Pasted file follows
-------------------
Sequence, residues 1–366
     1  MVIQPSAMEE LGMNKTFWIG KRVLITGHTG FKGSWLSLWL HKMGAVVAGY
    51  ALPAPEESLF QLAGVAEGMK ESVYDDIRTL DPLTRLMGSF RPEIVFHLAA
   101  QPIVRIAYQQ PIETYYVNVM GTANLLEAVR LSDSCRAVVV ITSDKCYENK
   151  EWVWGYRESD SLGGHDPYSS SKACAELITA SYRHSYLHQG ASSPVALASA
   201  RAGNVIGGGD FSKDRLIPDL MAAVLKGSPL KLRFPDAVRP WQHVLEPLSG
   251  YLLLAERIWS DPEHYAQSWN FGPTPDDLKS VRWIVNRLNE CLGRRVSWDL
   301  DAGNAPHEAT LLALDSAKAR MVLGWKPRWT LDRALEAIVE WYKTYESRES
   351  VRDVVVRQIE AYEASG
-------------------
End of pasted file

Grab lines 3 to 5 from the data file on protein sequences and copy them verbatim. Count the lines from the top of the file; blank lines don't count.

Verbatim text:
    51  ALPAPEESLF QLAGVAEGMK ESVYDDIRTL DPLTRLMGSF RPEIVFHLAA
   101  QPIVRIAYQQ PIETYYVNVM GTANLLEAVR LSDSCRAVVV ITSDKCYENK
   151  EWVWGYRESD SLGGHDPYSS SKACAELITA SYRHSYLHQG ASSPVALASA